In addition to my paper calendar, I have a notebook where I keep my weekly task list. It’s almost a duplicate of the task list in Apple Notes, but instead of listing tasks by day of the week, it allows me to group them by client.
I have one section for my business and one section for each client, with the high level tasks due for each client or my business underneath each section heading.
On Friday afternoon, before I wrap up for the week, I create the list for the upcoming week.
Now, I can see a big picture view of what’s actually deliverable to each client throughout the coming week.
The key is that the list must fit on one page, one side.
If it spills over to the back of the page, I know that there is too much on my plate, I’m likely not going to get it all done without sacrificing something in my list and some decisions need to be made and/or client discussions need to be had.
Like, if a due date is flexible or a project not top priority, I’ll talk with my client about slotting that task to a future week.
This reshuffling tactic is also a trick. Something that isn’t so apparent in the digital form.
Because when you write the same task week after week and never get to satisfyingly check it off the list, it makes you think.
You see, if you notice that a particular task keeps getting pushed from week to week, it’s a signal to pause and ask:
- What’s going on here?
- Why does this task consistently NOT get done?
- Is it legitimate that I just can’t get to it each week?
- Do I need to break it down into smaller parts?
- Holy bananas, seriously, why is this task not done already?
- What’s the story I’m telling myself about it?
For instance, I had it on my list to put together the criteria for what qualifies a website to be a good candidate for me to guest post on, so that we could compile the research of which sites those actually are.
I put this off for weeks, weeks, weeks and weeks.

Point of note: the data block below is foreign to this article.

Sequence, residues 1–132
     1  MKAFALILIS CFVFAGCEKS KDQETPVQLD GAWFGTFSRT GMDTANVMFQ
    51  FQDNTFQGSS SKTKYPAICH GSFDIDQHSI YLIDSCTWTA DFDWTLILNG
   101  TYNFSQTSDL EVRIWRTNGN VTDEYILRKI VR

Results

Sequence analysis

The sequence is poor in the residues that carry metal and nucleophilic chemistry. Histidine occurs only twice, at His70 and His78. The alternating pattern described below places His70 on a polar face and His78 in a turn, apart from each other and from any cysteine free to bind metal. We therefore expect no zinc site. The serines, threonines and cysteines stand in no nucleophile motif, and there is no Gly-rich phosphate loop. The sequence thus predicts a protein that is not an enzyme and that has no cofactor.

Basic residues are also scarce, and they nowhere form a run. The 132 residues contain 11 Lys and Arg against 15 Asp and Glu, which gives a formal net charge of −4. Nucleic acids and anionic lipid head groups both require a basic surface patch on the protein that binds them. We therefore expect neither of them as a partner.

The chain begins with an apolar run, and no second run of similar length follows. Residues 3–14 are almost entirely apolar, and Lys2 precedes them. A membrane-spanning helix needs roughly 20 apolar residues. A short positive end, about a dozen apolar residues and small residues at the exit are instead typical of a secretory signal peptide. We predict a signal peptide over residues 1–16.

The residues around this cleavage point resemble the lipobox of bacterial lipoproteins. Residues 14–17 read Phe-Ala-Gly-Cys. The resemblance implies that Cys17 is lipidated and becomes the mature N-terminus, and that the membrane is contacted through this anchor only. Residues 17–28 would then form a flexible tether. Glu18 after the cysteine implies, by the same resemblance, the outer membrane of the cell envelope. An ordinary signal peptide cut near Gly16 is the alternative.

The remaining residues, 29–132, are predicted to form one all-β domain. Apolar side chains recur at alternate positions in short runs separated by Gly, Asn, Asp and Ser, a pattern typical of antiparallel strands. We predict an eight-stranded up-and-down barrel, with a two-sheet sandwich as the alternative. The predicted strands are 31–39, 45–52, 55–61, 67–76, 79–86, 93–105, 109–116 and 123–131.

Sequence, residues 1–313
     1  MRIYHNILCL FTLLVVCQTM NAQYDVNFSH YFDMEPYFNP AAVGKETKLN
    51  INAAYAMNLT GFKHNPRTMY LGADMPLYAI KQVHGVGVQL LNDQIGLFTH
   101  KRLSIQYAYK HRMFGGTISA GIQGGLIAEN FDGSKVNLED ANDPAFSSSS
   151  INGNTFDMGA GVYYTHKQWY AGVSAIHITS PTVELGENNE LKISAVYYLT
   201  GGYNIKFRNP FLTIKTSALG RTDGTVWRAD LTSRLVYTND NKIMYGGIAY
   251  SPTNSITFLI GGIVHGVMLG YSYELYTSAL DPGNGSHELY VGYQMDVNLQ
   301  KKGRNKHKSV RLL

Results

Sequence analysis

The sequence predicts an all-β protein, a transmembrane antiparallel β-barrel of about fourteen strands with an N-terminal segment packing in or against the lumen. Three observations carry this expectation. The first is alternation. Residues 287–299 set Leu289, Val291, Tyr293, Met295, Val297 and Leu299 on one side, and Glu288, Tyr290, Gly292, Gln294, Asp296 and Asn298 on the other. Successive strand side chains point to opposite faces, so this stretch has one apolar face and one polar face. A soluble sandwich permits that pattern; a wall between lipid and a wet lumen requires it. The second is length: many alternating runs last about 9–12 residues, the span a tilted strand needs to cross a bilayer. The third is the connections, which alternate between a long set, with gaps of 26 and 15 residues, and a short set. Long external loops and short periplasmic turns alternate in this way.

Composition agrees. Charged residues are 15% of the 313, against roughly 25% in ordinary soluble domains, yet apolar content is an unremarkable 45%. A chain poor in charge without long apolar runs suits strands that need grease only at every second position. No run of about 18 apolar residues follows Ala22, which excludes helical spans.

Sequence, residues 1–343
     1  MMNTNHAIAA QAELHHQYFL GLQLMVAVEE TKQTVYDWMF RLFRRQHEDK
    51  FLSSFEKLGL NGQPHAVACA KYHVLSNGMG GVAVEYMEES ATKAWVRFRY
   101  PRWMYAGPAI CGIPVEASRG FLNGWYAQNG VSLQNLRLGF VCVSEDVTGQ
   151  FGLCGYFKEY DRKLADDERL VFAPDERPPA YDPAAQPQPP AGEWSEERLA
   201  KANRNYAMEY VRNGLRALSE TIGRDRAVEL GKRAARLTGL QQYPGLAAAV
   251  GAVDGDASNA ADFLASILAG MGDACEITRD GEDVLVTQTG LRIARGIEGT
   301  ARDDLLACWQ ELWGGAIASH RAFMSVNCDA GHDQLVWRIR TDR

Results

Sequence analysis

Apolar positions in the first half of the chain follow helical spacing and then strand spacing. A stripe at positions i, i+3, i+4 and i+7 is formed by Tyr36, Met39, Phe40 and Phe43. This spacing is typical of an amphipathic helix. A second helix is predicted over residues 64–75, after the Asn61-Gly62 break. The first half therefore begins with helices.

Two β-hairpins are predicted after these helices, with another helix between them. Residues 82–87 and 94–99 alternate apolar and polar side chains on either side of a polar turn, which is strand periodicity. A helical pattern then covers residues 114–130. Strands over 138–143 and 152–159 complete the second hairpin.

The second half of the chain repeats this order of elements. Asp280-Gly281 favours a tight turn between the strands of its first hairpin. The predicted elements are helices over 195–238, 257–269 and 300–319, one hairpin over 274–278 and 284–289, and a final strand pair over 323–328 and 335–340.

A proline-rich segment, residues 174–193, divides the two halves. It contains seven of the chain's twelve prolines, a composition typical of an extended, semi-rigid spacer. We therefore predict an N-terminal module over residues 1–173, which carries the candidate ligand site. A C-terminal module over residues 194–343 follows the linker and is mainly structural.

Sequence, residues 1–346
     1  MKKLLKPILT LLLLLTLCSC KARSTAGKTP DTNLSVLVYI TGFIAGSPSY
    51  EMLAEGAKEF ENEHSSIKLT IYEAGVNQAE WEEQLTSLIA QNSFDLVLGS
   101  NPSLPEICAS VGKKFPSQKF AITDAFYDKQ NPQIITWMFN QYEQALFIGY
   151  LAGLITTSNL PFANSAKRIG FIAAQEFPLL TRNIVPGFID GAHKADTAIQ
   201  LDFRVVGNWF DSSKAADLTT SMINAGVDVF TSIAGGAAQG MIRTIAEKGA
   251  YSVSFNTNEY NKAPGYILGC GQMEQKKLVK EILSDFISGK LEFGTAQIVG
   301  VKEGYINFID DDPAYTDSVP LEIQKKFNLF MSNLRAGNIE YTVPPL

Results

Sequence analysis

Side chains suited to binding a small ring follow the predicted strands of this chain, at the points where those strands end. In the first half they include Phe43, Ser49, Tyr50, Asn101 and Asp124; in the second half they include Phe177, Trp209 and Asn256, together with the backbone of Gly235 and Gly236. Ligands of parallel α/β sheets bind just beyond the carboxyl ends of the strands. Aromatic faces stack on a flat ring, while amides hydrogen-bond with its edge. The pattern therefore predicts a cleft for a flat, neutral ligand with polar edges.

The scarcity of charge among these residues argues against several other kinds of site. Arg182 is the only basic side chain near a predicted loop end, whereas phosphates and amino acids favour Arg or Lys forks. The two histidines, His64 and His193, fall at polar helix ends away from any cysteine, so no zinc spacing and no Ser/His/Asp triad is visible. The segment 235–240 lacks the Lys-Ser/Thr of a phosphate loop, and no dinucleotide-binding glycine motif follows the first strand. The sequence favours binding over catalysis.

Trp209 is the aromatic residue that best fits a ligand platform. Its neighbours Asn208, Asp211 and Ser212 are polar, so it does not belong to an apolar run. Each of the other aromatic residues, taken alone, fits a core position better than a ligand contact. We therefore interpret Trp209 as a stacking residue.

So I paused and asked, “What’s the story I’m telling myself here?”
Because the reality was that it really just putting together the guidepost for the research, and not actually going out and doing the research or pitching the sites.
I found a block to the actual activity of guest posting and being visible. I was taking this small, starter task and extrapolating it out to the end product of being published. My fear gremlins were rearing their little furry heads.
The analog nature of writing something over and over helps to identify those mental roadblocks.
When you put pen to paper there’s a point of clarity. It feels intentional in a way that that digital version of “pen to paper” doesn’t always.
Having analog organization helps you to start to see what’s going on and fully take it in versus simply moving a block on the calendar or a task down the order.
You get to think about what you’re doing in your business, where you’re putting your time and energy and efforts.
“Yeah, I want to do that. I love writing that task down week after week.”
“Nope, I do not like writing that appointment in my calendar each week. Maybe I should stop meeting with that person?”
I’m curious to know how you stay organized in an analog sense.
Do you have a paper calendar? Do you have a planner or notebook for your task list?
What’s working for you? What are you curious to test out?
Post below with what questions you have – I’d love to get them answered for you.
Photo by Estee Janssens on Unsplash